Immersed in Entertainment
By Lance Mosher
We live in a culture that swamps us with entertainment. Everywhere we look, there it is. Billboards. Television. Magazines. Music. Books. Video Games. Movies. Internet. It’s part of our everyday lives. On our commute to work, we’ve got our favourite talk show on the radio or our favourite album in our ear buds. On our lunch break, social media keeps us occupied. A new talk show is ready by the time we travel home. The television keeps us laughing or crying after dinner. With something so prominent in our lives, we should probably consider what type of disecration our God expects of us.
There are two major factors to consider: time and content. Regarding time, we must ask ourselves before sitting in front of any computer or television screen for entertainment, “Is this what I really should be doing? Is this really how I want to spend my limited time?” If you’ve come home from a long day at work, which provides for your family, you might say yes. If you’ve spent meaningful time with your family, and you have decided together with them that entertainment for the evening is reasonable, then you might say yes. However, if you’ve neglected your family or given 0 out of 24 hours to God in prayer, study, and discussion, then you might say no. In fact, you should say no.
Consider Christ as an example. At the end of a long day, he did not first head to the theatre. He went on top of the mountain to pray alone (Matt. 14:23). If you’re tempted, as I am, to say, “But that would be boring!” then you are admitting that you are a product of our generation. It’s a new phenomenon for humans to demand to be entertained and invigorated at every given moment. The truth is, worship and relationship-developing was never boring to those in Scripture. Our society has convinced us that if there isn’t a concert in our headphones or special effects before our eyes, then something is amiss. It’s time for us to really reevaluate what should be important to us.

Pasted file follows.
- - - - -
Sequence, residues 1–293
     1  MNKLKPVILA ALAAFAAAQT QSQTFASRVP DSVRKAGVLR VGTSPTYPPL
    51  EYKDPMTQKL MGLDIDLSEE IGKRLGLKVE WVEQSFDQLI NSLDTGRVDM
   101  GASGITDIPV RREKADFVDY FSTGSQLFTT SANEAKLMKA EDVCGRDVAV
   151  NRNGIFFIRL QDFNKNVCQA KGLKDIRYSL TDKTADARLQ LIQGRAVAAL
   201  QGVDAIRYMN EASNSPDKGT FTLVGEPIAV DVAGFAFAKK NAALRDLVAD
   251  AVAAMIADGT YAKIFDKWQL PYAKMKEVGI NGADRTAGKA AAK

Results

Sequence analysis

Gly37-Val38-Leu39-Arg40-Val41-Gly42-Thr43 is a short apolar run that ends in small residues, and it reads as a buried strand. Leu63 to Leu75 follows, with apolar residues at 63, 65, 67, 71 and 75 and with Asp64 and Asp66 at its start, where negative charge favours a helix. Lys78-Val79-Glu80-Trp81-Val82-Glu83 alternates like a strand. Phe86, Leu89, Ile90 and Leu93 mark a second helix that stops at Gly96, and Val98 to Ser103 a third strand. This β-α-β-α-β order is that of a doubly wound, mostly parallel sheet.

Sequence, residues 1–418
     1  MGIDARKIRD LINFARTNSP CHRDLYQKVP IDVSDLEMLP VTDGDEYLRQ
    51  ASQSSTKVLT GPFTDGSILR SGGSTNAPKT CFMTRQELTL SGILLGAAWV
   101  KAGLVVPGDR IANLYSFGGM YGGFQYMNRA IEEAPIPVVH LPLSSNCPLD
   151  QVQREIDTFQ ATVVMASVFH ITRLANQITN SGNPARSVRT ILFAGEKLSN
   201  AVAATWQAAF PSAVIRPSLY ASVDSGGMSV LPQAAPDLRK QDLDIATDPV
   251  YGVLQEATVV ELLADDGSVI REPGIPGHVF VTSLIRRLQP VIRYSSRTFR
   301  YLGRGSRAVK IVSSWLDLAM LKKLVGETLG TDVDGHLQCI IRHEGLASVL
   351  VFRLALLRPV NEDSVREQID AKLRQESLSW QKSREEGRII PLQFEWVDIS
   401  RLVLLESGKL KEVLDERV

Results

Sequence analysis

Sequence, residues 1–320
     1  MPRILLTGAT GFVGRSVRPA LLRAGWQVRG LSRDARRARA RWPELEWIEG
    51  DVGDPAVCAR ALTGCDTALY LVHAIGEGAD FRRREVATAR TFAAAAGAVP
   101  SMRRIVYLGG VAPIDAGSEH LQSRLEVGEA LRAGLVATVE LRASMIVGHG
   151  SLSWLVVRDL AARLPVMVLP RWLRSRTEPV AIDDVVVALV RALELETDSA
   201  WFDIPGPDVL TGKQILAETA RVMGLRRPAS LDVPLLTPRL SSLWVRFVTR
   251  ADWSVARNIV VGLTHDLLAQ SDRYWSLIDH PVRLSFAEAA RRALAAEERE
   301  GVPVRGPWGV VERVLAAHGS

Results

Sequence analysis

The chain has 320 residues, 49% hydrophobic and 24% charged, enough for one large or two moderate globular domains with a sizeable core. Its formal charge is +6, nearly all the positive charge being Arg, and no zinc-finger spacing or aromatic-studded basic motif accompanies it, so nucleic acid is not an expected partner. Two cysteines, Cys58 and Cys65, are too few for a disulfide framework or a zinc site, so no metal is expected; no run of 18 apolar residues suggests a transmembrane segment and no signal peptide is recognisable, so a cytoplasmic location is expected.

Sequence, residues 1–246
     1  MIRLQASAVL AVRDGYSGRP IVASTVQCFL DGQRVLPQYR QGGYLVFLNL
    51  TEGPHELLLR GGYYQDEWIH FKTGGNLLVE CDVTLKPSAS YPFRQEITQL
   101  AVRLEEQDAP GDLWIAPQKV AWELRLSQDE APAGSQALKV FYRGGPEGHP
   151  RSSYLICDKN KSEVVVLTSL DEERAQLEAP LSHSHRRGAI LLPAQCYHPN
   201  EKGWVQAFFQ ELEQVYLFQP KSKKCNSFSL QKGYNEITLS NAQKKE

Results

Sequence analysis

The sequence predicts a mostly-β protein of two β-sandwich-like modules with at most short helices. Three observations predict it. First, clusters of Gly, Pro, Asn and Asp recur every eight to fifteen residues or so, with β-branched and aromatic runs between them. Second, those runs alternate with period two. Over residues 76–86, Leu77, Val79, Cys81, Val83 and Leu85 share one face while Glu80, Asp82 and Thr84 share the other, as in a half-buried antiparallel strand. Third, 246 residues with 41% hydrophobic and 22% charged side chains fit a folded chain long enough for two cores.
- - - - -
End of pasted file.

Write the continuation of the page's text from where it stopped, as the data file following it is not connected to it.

I was glad when they said to me, “Let us go to the house of the LORD.”
I’m not meaning to say that entertainment is all bad. After our time with our family and God, it would not be wrong to spend time with video games or movies. However, before we push play, we should ask ourselves if the content is right. What are you about to invite into your home? Is it something you would be willing to play or watch with Christ or His apostles? Does it befit the Christian lifestyle?
But immorality or any impurity or greed must not even be named among you, as is proper among saints; and there must be no filthiness and silly talk, or coarse jesting, which are not fitting, but rather giving of thanks. For this you know with certainty, that no immoral or impure person or covetous man, who is an idolater, has an inheritance in the kingdom of Christ and God.
Is what you are about to watch going to tempt you or someone else to sin?
He said to His disciples, “It is inevitable that stumbling blocks come, but woe to him through whom they come! It would be better for him if a millstone were hung around his neck and he were thrown into the sea, than that he would cause one of these little ones to stumble.”
The world wants us to swallow every bit of entertainment it offers, while the industry grows rich off of every second we indulge. The Lord, at the same time, is trying to persuade us to use discretion. Will you lose your integrity over self-satisfaction? Be careful; it usually doesn’t happen over night, but over months and years of indulgence. Evaluate yourself right now. Has entertainment replaced your family on your priority list? Even worse, has it replaced your heavenly Father?
Except where noted, Scripture quotations are taken from the NASB. Copyright by The Lockman Foundation